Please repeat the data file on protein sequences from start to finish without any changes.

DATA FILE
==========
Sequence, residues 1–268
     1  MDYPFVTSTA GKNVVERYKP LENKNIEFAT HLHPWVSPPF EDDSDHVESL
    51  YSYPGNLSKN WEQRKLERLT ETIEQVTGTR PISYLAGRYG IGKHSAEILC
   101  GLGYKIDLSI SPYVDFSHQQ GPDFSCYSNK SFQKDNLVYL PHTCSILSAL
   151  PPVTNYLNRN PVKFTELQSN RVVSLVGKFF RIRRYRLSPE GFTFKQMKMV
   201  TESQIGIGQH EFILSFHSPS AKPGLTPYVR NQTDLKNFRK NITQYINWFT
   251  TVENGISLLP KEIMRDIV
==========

Sequence, residues 1–268
     1  MDYPFVTSTA GKNVVERYKP LENKNIEFAT HLHPWVSPPF EDDSDHVESL
    51  YSYPGNLSKN WEQRKLERLT ETIEQVTGTR PISYLAGRYG IGKHSAEILC
   101  GLGYKIDLSI SPYVDFSHQQ GPDFSCYSNK SFQKDNLVYL PHTCSILSAL
   151  PPVTNYLNRN PVKFTELQSN RVVSLVGKFF RIRRYRLSPE GFTFKQMKMV
   201  TESQIGIGQH EFILSFHSPS AKPGLTPYVR NQTDLKNFRK NITQYINWFT
   251  TVENGISLLP KEIMRDIV